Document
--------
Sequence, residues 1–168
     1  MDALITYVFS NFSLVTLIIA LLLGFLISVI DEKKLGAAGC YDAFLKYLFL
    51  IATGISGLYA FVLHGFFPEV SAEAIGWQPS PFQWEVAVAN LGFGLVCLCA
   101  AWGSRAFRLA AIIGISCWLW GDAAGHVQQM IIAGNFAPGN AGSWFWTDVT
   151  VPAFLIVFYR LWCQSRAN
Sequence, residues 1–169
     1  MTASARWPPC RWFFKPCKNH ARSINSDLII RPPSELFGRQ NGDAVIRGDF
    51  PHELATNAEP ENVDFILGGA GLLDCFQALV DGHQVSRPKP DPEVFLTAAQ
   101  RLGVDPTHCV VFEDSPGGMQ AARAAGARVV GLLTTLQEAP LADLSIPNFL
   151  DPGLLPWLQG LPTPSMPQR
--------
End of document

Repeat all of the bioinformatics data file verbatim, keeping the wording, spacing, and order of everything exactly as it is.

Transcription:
Sequence, residues 1–168
     1  MDALITYVFS NFSLVTLIIA LLLGFLISVI DEKKLGAAGC YDAFLKYLFL
    51  IATGISGLYA FVLHGFFPEV SAEAIGWQPS PFQWEVAVAN LGFGLVCLCA
   101  AWGSRAFRLA AIIGISCWLW GDAAGHVQQM IIAGNFAPGN AGSWFWTDVT
   151  VPAFLIVFYR LWCQSRAN
Sequence, residues 1–169
     1  MTASARWPPC RWFFKPCKNH ARSINSDLII RPPSELFGRQ NGDAVIRGDF
    51  PHELATNAEP ENVDFILGGA GLLDCFQALV DGHQVSRPKP DPEVFLTAAQ
   101  RLGVDPTHCV VFEDSPGGMQ AARAAGARVV GLLTTLQEAP LADLSIPNFL
   151  DPGLLPWLQG LPTPSMPQR